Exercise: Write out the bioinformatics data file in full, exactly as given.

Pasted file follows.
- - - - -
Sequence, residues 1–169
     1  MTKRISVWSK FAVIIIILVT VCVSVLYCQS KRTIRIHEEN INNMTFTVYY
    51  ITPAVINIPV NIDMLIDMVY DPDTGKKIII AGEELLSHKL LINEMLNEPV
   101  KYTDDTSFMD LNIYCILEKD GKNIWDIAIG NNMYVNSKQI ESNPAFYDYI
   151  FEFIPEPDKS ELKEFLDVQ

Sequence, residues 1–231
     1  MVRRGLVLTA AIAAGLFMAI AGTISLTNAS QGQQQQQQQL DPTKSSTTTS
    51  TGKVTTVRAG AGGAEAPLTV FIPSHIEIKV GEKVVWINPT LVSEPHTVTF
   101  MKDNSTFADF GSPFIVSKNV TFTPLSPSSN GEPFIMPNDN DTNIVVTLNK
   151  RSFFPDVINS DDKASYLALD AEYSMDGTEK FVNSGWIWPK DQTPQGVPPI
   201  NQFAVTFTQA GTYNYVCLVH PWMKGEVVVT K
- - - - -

Sequence, residues 1–169
     1  MTKRISVWSK FAVIIIILVT VCVSVLYCQS KRTIRIHEEN INNMTFTVYY
    51  ITPAVINIPV NIDMLIDMVY DPDTGKKIII AGEELLSHKL LINEMLNEPV
   101  KYTDDTSFMD LNIYCILEKD GKNIWDIAIG NNMYVNSKQI ESNPAFYDYI
   151  FEFIPEPDKS ELKEFLDVQ

Sequence, residues 1–231
     1  MVRRGLVLTA AIAAGLFMAI AGTISLTNAS QGQQQQQQQL DPTKSSTTTS
    51  TGKVTTVRAG AGGAEAPLTV FIPSHIEIKV GEKVVWINPT LVSEPHTVTF
   101  MKDNSTFADF GSPFIVSKNV TFTPLSPSSN GEPFIMPNDN DTNIVVTLNK
   151  RSFFPDVINS DDKASYLALD AEYSMDGTEK FVNSGWIWPK DQTPQGVPPI
   201  NQFAVTFTQA GTYNYVCLVH PWMKGEVVVT K